This month I celebrated two years living in Geneva. While this is only my third summer here, it’s been oddly rainy and gloomy compared to the previous two summers. Weather patterns have been strange all around: take the horrendous flooding in Germany and Belgium only a few weeks ago, as well as in China just last week. We’re fortunate that the most we’ve gotten here is an extra bit of rain.
I got a third plant — a peace lily, widely known as one of the more low-maintenance plants. I am extraordinarily bad at taking care of plants. Only a day after this lily arrived, she began wilting and the petals were scorched, and I realized that I shouldn’t have left her in the direct path of the sun. I’ve since moved her to a shadier spot near the window without direct sunlight.
I also printed a couple more photographs to hang around the apartment. All are from Etsy except for the one of the boats, which I took in Beijing a decade ago.
This month entry requirements between France and Switzerland were eased, and so I went back to Lyon for the first time in around a year. There were absolutely no checks for anything — passports, QR codes, attestations, nothing. The uniformed personnel working customs at the train station simply stood there with menacing looks.
It rained all day in Lyon.
Some more miscellaneous moments from the camera roll this month….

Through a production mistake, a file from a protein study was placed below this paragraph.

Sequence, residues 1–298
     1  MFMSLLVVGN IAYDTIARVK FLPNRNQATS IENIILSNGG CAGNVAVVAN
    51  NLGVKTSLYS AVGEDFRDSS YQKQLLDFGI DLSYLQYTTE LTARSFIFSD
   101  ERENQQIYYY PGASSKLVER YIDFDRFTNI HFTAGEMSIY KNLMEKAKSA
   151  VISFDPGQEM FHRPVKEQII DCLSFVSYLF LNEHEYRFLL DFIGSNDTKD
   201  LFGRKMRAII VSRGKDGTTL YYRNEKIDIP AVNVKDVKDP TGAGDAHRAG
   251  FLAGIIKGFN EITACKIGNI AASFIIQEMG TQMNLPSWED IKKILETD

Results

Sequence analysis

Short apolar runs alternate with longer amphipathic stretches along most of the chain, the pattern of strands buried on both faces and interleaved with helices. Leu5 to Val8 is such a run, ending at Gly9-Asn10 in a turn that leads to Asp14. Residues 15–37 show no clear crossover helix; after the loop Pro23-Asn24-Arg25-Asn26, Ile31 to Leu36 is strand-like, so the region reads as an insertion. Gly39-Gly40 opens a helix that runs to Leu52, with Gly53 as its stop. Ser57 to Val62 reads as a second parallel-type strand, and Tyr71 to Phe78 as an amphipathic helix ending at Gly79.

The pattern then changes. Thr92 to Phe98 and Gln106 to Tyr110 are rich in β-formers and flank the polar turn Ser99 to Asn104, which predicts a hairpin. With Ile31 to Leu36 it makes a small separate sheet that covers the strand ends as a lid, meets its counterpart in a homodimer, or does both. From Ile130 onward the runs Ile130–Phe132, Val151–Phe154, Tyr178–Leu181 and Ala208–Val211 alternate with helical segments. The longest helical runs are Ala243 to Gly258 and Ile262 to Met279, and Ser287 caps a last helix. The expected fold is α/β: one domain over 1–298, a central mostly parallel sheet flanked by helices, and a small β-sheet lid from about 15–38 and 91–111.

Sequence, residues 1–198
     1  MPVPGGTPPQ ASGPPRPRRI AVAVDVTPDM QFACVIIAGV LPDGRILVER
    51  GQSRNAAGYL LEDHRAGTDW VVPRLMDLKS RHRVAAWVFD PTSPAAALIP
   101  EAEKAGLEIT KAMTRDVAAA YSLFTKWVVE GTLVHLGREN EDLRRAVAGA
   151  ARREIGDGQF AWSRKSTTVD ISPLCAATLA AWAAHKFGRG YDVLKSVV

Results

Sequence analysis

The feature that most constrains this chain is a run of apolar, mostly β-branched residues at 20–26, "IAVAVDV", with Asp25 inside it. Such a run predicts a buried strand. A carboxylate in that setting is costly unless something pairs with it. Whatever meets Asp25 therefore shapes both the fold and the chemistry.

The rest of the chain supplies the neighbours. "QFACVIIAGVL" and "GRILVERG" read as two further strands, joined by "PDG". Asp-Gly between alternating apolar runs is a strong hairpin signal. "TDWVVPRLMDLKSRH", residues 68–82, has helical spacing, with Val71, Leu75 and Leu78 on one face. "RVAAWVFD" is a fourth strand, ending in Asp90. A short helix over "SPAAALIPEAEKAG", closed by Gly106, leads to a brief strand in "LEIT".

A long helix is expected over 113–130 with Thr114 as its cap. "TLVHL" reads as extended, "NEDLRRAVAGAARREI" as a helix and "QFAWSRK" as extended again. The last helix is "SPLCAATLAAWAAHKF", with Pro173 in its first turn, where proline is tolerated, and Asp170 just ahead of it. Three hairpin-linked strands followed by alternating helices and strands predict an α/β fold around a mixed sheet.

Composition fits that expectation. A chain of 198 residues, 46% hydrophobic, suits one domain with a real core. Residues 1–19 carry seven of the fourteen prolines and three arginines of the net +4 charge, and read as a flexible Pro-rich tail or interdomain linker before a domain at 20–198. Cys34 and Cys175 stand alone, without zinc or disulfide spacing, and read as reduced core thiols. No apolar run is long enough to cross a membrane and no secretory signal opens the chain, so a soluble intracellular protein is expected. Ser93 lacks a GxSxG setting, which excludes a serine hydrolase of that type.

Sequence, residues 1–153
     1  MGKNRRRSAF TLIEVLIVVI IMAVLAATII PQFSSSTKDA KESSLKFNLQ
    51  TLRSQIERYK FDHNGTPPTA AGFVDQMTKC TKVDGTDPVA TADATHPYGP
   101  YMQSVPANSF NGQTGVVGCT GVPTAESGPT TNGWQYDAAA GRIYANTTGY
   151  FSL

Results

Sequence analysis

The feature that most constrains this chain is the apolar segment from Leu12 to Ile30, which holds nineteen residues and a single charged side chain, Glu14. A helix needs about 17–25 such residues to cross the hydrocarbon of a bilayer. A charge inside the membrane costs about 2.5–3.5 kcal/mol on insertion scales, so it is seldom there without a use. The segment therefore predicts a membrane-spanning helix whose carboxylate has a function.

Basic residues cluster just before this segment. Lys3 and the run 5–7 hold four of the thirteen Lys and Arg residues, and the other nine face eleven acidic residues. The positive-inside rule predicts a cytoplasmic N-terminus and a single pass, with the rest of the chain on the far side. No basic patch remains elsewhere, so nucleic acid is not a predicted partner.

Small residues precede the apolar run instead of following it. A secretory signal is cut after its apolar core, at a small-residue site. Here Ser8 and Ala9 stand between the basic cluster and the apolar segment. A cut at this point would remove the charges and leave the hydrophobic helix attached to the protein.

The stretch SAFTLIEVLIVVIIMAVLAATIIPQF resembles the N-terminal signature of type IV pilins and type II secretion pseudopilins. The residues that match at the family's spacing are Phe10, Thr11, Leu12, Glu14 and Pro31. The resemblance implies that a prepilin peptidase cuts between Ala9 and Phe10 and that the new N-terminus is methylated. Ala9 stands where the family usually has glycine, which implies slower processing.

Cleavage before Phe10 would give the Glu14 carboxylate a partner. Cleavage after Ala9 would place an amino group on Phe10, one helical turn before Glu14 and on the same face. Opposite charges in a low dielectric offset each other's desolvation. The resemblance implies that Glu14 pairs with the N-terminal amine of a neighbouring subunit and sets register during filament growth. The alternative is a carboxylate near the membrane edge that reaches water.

Making kimbap-inspired rolls at home was a success.
I also tried out a sensory deprivation floating tank for the first time. I actually found out about this place (Namaka Spa) from my health insurance, which fully reimburses this experience as a form of wellness treatment. (Update August 2021: Swica refused to reimburse this expense without giving an explanation. I am SO done with Swica and am very thankful that I won’t be renewing with them at the end of this year.)
I arrived at the spa 15 minutes prior to the appointment, and the very kind receptionist gave me a tour of the facility, followed by a cup of tea in a cozily furnished relaxation lounge-type area while she explained the ground rules to me. I would have 75 minutes total in the chamber, including one shower prior to and after the float. I could turn off the lights in the tank if I wished. There was also a button I could press in case of emergency.